A college is tempting unemployed students with the offer of #163;120-a-term grants paid for by the European Union.
City College Manchester, which has a site in Moss Side, is expecting 1,500 students to benefit from the #163;10-a-week payments, designed to cover travel expenses.
The #163;1.9 million from the European Social Fund will also pay parents #163;50 a week towards childcare.The grants will apply to around 40 courses at the inner-city college, as part of a successful bid to provide training for the jobless.
The scheme is also being used in the annual battle for students. City College principal Dave Gibson said: "Thanks to the efforts of our pro-active funding unit, a student who comes to City College rather than one of our competitors will be #163;120 better off in the first term."
Controversy has surrounded the practice of offering so-called golden hellos under which some colleges offer cash inducements for students to enrol or complete courses.
But Jackie Etchells, manager of the college's funding unit, said pilots had shown the scheme would cut drop-out rates and encourage unemployed people into training.
She said: "We recognised that one of the main barriers to participation in our client group was financial hardship.
"Students simply do not have the cash to attend college and it's a barrier to them taking up training to get back into work.
"We know from our own studies that students start a course and encounter difficulties which means they cannot continue."
The college ran two pilot projects last year before winning the bid for this year's scheme, said to be the largest of its kind in the north of England.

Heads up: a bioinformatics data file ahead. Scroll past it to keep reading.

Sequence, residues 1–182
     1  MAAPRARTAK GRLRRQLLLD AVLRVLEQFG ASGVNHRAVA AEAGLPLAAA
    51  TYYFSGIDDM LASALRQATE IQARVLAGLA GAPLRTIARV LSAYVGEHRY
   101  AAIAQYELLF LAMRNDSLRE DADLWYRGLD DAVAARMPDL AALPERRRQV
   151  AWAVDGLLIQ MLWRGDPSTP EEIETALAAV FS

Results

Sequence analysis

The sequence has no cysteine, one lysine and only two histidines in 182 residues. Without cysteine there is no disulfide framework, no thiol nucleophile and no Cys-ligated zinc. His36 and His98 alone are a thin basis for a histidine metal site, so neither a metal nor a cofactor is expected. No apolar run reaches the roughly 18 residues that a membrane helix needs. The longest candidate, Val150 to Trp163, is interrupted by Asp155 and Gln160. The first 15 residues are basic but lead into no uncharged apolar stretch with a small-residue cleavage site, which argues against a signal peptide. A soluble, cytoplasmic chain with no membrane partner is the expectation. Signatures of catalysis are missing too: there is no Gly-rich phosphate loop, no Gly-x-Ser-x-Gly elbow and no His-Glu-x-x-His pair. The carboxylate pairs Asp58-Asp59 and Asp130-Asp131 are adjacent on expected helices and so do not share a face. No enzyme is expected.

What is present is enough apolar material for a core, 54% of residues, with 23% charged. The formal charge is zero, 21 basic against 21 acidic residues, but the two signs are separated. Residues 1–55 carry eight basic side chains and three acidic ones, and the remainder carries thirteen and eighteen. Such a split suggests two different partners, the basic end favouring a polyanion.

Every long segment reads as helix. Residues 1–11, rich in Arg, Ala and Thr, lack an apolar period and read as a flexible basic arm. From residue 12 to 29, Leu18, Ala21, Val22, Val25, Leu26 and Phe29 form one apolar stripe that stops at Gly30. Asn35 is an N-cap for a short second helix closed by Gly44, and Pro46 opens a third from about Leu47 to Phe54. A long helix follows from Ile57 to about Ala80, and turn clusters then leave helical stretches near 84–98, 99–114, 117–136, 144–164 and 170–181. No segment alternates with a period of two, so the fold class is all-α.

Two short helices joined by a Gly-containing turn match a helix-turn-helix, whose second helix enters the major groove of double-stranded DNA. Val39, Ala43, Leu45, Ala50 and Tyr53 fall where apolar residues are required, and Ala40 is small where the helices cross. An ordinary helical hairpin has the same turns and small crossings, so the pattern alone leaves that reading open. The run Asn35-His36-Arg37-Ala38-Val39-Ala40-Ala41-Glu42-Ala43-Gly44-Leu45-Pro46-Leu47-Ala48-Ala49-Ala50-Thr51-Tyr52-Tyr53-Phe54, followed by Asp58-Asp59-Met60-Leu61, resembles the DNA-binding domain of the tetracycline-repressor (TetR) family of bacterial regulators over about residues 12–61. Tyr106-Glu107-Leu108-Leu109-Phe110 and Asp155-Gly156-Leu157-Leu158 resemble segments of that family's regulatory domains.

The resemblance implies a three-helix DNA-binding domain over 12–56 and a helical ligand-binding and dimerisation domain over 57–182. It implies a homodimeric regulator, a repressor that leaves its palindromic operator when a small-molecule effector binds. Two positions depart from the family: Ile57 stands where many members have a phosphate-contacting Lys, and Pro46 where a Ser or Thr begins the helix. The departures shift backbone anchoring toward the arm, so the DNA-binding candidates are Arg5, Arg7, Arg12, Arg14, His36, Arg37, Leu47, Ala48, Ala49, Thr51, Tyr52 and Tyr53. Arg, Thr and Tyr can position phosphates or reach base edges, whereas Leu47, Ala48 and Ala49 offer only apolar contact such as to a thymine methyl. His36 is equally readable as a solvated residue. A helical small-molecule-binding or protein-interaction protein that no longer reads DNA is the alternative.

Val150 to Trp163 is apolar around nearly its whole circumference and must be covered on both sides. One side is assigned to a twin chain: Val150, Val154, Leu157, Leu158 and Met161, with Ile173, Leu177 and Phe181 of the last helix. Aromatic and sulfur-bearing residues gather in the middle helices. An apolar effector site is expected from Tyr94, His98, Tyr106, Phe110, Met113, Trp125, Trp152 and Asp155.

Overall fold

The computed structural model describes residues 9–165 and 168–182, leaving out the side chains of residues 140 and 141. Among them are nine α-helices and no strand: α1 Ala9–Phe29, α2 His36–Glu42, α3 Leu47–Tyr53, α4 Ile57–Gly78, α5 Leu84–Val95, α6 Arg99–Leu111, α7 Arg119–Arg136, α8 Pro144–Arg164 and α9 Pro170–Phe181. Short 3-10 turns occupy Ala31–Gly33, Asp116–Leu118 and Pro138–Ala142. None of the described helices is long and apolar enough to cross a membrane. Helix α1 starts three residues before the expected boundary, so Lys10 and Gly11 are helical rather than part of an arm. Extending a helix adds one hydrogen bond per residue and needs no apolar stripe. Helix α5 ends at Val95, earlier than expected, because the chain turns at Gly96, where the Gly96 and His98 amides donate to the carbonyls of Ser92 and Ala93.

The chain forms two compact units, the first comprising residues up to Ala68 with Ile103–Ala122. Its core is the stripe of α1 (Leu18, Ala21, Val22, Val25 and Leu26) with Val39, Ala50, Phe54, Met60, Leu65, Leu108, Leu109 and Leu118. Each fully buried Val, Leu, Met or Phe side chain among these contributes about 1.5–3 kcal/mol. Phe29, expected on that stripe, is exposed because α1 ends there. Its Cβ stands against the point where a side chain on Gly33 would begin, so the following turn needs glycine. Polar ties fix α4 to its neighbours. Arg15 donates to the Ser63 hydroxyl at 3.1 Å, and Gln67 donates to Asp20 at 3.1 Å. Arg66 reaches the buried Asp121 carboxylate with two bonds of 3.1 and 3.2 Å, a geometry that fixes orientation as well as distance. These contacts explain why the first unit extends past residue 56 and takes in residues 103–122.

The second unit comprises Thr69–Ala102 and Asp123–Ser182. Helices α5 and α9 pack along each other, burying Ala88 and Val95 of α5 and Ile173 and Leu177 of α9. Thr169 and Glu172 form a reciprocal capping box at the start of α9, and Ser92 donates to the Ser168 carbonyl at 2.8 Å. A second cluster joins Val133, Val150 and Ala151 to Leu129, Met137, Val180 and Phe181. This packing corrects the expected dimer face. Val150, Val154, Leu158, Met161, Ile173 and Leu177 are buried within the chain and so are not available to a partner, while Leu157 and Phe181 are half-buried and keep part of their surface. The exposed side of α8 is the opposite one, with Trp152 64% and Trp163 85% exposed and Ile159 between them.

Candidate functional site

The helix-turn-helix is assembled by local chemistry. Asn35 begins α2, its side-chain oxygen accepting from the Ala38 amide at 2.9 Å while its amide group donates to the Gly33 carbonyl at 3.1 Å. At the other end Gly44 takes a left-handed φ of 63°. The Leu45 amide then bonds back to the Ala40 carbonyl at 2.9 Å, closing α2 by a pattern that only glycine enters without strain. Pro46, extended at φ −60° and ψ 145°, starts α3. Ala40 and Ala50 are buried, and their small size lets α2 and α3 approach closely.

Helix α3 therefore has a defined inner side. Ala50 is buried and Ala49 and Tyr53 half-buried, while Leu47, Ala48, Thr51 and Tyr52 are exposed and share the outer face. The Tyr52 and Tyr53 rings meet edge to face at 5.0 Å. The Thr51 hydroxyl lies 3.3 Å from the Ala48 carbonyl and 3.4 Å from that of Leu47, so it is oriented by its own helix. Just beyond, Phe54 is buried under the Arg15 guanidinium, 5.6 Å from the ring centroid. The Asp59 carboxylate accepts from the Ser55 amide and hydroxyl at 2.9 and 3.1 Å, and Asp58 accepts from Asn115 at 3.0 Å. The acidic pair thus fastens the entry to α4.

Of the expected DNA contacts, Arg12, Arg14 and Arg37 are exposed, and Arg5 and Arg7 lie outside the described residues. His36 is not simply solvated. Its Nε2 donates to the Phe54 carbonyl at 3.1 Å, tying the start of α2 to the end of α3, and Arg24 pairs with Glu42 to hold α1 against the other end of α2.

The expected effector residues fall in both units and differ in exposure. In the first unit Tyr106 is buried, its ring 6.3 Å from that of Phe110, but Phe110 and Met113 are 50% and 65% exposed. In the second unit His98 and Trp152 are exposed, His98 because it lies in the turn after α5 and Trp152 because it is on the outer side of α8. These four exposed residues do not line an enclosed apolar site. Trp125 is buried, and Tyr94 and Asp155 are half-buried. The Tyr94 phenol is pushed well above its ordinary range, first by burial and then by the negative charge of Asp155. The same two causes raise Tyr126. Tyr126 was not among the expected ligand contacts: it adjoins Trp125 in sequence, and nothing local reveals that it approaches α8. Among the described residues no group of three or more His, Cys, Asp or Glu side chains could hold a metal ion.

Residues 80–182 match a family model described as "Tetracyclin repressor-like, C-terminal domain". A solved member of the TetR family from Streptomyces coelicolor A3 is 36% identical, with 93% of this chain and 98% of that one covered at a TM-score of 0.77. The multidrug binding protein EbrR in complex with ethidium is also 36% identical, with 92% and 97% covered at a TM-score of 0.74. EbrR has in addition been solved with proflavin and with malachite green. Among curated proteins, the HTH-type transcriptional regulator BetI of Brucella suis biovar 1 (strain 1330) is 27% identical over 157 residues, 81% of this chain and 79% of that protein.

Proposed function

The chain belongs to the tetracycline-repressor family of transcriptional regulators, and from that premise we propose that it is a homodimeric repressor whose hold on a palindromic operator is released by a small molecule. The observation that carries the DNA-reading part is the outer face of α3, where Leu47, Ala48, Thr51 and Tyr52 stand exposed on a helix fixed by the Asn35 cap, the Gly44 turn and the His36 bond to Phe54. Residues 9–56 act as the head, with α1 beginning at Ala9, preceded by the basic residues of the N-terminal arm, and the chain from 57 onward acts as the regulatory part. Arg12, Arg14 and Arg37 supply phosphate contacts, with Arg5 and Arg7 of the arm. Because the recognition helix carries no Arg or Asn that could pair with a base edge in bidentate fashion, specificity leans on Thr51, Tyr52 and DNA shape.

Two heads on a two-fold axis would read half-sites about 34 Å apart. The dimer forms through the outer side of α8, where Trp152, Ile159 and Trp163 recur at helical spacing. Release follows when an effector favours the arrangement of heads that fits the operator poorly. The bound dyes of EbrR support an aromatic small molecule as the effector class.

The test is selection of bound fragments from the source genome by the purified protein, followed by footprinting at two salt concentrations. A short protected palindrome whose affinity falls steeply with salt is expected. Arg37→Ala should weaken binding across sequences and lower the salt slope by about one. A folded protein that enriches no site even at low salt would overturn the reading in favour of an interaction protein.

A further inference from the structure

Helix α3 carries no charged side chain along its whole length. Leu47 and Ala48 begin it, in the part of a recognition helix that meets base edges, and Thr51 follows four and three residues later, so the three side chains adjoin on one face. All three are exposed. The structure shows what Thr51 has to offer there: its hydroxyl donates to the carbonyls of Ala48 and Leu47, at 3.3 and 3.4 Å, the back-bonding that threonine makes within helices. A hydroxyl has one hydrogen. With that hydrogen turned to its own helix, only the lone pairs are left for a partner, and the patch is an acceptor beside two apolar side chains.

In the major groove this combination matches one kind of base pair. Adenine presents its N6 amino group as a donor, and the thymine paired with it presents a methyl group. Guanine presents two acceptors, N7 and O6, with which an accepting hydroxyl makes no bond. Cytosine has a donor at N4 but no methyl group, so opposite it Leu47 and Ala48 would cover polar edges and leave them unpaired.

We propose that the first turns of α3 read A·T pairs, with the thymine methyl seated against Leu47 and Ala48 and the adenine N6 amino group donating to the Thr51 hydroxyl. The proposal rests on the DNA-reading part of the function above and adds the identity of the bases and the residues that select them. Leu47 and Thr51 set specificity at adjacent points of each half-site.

Pilots included a course for jobless graduates needing computer skills and a watchmaking course for unemployed people. On both pilots drop-out rates fell to zero.
Under this year's ESF programme, unemployed students will be offered places on one of around 40 courses specially designed to give them vocational training and job-seeking skills.
In return they will be offered grants for travel expenses, paid on top of their benefits.
Ms Etchells said: "We are an inner-city college with a high percentage of single parents and a high percentage of unemployed people in our catchment area. We know that small things make a big difference to people on low incomes."
The scheme follows calls for action to widen access funds in colleges to support students from poor backgrounds. Barrister Helena Kennedy called for such schemes to be extended in her report on widening participation in further education, a theme echoed in Sir Ron Dearing's report on higher education.
A DFEE spokesman said: "City College Manchester is among the most successful applicants for European funding in the North West. It consistently puts forward a wide range of good quality, innovative projects and plays a significant role in meeting the kind of targets identified by the Government."